JOHNS: The billionaire businessman, real estate mogul and reality TV star makes headlines by questioning whether President Obama was born in the U.S., reigniting a birther controversy that had been simmering since Mr. Obama first ran for the White House four years ago.
(BEGIN VIDEO CLIP FROM "STATE OF THE UNION," APRIL 8)
TRUMP: I'd just say very simply, why doesn't he show his birth certificate?
Why has he spent over $2 million in legal fees to keep this quiet and to keep this silent?
(END VIDEO CLIP)
JOHNS: Just a few weeks later, the president asked the state of Hawaii to release his long form birth certificate. Whether or not pressure from Trump was behind Mr. Obama's decision, he took credit.
TRUMP: I'm very proud of myself, because I've accomplished something that nobody else has been able to accomplish.
JOHNS: The next day, speaking to a Republican women's group in Las Vegas, Trump uses profanities to make his point.
TRUMP: We can't get a (EXPLETIVE LANGUAGE) school built in Brooklyn. Listen, you (EXPLETIVE LANGUAGE), we're going to tax you 25 percent.
JOHNS: And two nights later, the president makes fun of Trump during a humorous sketch at the White House Correspondents Dinner.
(BEGIN VIDEO CLIP FROM APRIL 30)
BARACK OBAMA, PRESIDENT OF THE UNITED STATES: No one is happier, no one is prouder to put this birth certificate matter to rest than "the Donald." And that's because he can finally get back to focusing on the issues that matter, like did we fake the moon landing?
OBAMA: What really happened in Roswell?
(END VIDEO TAPE)
JOHNS: Since then, we've seen Trump's support drop and his negatives rise in national polling.
Wolf, one more thing. Trump does go out with bravado, saying in a statement today, he is convinced that if he ran, he would have won the Republican nomination and the general election.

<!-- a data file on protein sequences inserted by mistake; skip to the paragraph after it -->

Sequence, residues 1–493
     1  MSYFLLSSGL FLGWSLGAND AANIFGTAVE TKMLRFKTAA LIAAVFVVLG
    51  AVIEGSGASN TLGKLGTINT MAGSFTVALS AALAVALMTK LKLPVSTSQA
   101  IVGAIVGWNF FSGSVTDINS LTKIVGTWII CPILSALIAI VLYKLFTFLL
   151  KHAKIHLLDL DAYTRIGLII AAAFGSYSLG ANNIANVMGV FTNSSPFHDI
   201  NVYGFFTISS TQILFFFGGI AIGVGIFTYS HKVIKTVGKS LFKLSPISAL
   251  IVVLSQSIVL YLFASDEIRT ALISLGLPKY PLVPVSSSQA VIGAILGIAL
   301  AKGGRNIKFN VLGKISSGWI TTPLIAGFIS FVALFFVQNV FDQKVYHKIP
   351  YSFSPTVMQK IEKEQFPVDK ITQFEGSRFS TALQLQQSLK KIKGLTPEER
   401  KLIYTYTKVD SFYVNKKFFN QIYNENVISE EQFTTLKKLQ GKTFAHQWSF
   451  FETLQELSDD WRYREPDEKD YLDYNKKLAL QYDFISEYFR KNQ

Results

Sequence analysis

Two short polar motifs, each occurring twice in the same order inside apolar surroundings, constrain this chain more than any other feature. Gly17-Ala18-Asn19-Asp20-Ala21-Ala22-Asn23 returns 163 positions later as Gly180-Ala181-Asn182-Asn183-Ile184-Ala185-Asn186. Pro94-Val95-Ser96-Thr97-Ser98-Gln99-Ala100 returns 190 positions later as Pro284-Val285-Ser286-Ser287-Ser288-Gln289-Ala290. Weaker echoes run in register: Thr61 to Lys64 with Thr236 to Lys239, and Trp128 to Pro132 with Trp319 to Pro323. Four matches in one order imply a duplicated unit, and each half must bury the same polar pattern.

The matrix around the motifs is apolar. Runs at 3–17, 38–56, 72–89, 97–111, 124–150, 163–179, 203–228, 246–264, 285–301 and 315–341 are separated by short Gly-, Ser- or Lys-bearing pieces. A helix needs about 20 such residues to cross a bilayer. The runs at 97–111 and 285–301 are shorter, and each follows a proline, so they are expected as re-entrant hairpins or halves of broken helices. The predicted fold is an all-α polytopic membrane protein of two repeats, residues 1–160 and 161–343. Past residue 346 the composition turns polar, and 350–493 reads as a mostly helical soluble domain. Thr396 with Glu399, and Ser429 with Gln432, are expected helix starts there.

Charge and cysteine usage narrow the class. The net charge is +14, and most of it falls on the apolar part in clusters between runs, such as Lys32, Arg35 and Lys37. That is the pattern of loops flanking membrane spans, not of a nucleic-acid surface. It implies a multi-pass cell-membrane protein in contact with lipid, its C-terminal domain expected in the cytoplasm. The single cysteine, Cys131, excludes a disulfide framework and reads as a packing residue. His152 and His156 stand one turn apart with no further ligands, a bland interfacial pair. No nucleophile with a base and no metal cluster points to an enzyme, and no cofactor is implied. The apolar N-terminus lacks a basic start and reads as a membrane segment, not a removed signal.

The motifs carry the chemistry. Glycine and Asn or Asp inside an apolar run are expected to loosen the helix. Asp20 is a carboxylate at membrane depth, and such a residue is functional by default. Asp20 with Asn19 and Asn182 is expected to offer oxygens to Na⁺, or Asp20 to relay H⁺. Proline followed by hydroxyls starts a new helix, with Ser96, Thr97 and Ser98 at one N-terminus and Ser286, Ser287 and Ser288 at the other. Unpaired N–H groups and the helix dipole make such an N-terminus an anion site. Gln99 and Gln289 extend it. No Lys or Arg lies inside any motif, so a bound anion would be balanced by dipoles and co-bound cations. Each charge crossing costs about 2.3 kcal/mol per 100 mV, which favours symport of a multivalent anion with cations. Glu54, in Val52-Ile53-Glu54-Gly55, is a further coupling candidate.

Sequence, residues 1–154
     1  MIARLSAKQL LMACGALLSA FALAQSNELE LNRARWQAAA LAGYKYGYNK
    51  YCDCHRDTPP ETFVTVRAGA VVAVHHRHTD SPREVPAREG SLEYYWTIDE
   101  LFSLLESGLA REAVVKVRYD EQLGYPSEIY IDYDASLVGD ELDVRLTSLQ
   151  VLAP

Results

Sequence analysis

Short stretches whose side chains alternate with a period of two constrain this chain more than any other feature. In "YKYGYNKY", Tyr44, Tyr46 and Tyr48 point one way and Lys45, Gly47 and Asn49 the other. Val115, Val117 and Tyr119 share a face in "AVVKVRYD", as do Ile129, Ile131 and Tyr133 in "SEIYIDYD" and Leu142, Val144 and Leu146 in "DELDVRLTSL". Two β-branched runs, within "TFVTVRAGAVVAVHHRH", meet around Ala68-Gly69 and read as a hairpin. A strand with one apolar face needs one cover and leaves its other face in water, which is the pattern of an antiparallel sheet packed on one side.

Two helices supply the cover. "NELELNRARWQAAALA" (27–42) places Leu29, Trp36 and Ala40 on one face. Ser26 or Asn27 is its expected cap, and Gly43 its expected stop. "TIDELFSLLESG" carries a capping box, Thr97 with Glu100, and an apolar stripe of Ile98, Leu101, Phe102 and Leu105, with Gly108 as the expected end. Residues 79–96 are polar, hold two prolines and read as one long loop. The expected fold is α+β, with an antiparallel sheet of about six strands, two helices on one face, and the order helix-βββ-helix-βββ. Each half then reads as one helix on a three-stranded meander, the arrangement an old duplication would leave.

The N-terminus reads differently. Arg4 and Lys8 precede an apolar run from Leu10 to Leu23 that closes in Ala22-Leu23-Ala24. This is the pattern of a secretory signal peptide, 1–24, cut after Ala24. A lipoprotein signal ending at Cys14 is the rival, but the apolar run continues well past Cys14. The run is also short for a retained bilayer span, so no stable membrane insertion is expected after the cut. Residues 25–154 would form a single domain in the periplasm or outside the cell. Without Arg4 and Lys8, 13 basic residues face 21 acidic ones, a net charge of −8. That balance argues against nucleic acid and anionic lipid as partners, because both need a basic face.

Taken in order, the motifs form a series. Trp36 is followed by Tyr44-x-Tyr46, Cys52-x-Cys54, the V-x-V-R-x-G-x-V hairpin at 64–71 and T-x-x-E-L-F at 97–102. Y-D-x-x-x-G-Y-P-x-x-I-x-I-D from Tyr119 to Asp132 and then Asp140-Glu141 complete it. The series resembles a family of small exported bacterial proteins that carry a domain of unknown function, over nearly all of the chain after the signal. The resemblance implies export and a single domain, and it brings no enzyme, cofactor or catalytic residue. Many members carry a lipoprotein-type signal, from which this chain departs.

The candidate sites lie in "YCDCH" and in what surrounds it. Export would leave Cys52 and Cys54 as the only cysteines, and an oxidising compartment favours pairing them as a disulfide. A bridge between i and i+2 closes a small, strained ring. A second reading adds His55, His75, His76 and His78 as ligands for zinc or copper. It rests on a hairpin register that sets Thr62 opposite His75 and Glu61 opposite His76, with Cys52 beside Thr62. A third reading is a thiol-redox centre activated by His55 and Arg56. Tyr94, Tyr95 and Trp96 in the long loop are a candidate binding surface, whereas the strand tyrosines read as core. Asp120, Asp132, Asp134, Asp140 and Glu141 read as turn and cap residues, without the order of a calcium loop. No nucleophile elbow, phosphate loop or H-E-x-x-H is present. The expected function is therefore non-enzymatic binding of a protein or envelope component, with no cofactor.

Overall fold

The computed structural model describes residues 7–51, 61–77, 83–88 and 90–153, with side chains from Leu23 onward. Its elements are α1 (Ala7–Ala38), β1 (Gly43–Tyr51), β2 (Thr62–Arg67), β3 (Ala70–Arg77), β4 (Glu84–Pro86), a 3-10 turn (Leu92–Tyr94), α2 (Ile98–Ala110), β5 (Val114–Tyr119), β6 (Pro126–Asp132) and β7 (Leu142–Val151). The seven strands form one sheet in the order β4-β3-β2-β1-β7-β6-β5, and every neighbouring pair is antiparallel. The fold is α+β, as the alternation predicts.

BLITZER: Lots of bravado in that statement.
All right, thanks very much, Joe Johns.
Let's dig deeper now.
With Trump out of the running and 2012 getting closer, look for the GOP presidential race to get more serious.
Let's bring in our senior political analyst, Gloria Borger -- Gloria, why do you decide -- why did he decide not to run?
GLORIA BORGER, CNN SENIOR POLITICAL ANALYST: Well, one of the reasons is because he actually wasn't going to win the presidency nor was he going to win the Republican nomination. I mean I talked to people who saw his internal polling. And his internal polling really started going south, Wolf, after this whole birther issue, when the president came out, showed his birth certificate. And it seems to me, the more people saw of Donald Trump as a presidential candidate, they -- the less they decided they wanted him to be president. In our recent poll, 6 -- he had a 64 percent unfavorable rating. That's pretty hard if you actually are going to win a nomination for the presidency, much less the presidency.
And I spoke with one Republican today who said, let's just chalk this up as one of the more bizarre vignettes in American political history. I think we can say it is.
BLITZER: He did get some traction, though, in those polls when he asked likely Republican voters...
BORGER: Well, he did....
BLITZER: -- who they liked for the nomination.
BORGER: Right. And -- and that really tells you what kind of a vacuum there is in the -- in the Republican field. He appealed immediately to a constituency in the Republican Party that does not like Barack Obama. With the birther issue, he had that ready made constituency. And -- but Republicans started to get worried, Wolf, that the more traction he got, the more he was hijacking the conversation. And it made the Republican Party seem like it was very much out of the mainstream.